Digital Publishing
3 mins read

Overwhelmed with the nonstop news cycle? NY Times designs an “enjoyable” solution

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The New York Times is no stranger to news overwhelm. One might argue that the newspaper—which publishes around 160 stories per day—is itself one of the causes of reader overwhelm with the news cycle. To address this concern, the NY Times undertook an initiative for regular news consumers to easily keep up with the stories that are most relevant to them.

As the first step in this direction, they created a new space within the NY Times iOS app called “Your Feed,” where readers can choose from 24 channels to follow, giving them more control over their experience with The Times.

How does this help to reduce overwhelm? Norel Hassan, Lead Product Designer at The New York Times, believes this change makes the news app experience more like skimming through a newspaper.

Reading a printed paper is a customizable experience. When you hand someone a paper, they have access to all the stories; they pick out the sections they want and read stories of interest,” she explained. “Maybe while they’re thumbing through, they find a story or section that they didn’t realize they wanted to read! Chances are, different readers will select different sections and stories.”

It’s been my job as a product designer at The New York Times to take this idea and translate it to your phone.

Reason for redesign? Readers’ choice

While the product design team was exploring options to make the NY Times digital experience more enjoyable and less overwhelming, they ran some experiments to determine what resonated most with the readers.

In the research conducted, they presented participants with four hypothetical customized features: “Archive,” “Follow,” “News you can use” and a “Queue.” By presenting different ways of surfacing customized content, the team had a breakthrough.

“The biggest ‘ah-ha!’ moment came from in-person research we did to explore what a customized space within our digital experience could look like. Our initial hypothesis was that readers wanted a better way to save content, but in the end, we discovered that the ability to follow different types of content was the greater user need,” explains the publication.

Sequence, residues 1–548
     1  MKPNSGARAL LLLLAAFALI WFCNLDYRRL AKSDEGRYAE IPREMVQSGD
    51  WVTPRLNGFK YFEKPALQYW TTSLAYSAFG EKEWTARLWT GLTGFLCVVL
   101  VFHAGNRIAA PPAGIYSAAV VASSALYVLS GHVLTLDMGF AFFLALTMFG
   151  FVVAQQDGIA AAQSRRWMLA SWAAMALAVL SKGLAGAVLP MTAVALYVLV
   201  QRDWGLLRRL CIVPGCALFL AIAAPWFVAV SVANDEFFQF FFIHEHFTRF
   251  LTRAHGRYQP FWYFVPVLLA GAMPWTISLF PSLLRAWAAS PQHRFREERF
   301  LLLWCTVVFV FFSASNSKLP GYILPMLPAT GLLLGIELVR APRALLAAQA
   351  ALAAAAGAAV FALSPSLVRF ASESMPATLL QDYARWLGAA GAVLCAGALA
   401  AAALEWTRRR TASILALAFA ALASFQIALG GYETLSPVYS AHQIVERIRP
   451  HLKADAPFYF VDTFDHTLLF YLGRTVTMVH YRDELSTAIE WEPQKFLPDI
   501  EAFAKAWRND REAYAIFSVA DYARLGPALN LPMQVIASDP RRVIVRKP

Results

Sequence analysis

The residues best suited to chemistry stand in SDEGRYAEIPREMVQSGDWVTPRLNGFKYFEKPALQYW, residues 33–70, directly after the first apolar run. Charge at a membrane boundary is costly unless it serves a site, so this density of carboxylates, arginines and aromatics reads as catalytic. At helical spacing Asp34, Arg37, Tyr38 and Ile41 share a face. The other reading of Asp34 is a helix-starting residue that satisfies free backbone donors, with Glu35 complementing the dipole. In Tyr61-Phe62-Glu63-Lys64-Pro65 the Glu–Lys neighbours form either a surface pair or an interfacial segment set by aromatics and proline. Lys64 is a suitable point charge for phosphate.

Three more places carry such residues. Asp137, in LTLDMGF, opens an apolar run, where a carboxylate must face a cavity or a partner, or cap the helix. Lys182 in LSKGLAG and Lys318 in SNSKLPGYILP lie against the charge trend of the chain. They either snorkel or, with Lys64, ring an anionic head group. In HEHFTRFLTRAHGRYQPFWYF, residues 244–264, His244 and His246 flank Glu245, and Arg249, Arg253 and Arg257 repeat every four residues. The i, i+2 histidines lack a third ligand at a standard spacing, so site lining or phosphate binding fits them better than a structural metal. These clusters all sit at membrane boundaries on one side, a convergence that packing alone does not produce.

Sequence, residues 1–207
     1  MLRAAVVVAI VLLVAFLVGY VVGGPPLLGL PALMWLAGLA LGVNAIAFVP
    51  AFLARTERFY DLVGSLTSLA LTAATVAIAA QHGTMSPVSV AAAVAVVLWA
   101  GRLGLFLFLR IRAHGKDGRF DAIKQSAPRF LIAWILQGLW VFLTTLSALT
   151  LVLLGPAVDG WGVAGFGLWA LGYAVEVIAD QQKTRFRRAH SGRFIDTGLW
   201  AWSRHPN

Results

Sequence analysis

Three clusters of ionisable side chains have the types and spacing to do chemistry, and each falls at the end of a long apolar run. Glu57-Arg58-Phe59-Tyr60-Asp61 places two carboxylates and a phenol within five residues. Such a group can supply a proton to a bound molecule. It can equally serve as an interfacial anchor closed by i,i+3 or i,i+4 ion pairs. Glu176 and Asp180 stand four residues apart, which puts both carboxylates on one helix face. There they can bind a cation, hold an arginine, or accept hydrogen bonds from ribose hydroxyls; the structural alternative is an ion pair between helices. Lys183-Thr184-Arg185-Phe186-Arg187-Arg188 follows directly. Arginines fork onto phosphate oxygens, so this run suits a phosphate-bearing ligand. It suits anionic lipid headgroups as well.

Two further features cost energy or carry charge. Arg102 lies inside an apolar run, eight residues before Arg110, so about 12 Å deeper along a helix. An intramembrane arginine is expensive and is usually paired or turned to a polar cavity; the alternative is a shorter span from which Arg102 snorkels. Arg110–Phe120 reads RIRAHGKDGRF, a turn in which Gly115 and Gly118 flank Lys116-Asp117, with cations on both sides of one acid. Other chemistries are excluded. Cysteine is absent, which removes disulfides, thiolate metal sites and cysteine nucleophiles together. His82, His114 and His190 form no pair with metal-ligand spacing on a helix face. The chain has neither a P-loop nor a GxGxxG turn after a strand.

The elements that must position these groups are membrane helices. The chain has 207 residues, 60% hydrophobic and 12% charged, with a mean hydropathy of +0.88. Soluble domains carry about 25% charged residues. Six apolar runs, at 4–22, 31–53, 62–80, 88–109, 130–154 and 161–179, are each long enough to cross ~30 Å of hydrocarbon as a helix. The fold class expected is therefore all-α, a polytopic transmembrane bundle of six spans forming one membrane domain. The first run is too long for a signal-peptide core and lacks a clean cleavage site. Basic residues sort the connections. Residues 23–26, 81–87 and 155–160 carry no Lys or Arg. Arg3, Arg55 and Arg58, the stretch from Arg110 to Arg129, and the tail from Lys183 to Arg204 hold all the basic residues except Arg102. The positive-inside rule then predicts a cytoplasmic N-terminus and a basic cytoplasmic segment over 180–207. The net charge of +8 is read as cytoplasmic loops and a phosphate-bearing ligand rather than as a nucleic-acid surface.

Through our research, we also learned that users were interested in having a space separate from the home page that delivered a customized feed of content.

Limit the number of stories: A counterintuitive solution

“With previous messaging experiments, we learned to limit the number of stories we delivered to readers,” Norel explained. “Too many new stories resulted in users ignoring the feature. Readers said it was too close to their real email inboxes and it made them feel like they were working through a to-do list, instead of catching up on their interests in an enjoyable way.”

Interview after interview, users discussed how they feel overwhelmed and want solutions for navigating a nonstop news cycle.

The app experience within “Your Feed” takes into account this pain point and strives to strike the right balance with channel topics. There are just enough channels to satisfy a range of interests, but not so many options that it would overwhelm the users.

The New York Times also took a call not to draw content algorithmically, because it could inundate users’ feeds, since there may be dozens of stories published on a particular topic in a given week. So the topic-based channels (Climate Change, Health & Fitness, Space) are curated by New York Times editors who ensure the feed delivers a diverse selection of stories.

What’s Next

Over the next several months Norel and her team will be adjusting the channels on offer, expanding how readers can follow channels and adding new features to “Your Feed”.

“We’ll be watching and listening closely to how readers are engaging with the channels,” she said. “We’ll also continue to explore what a customized space within The New York Times means by testing new features that will help us determine the future of Your Feed.”

To check out the NY Times “Your Feed,” download The New York Times iOS app here.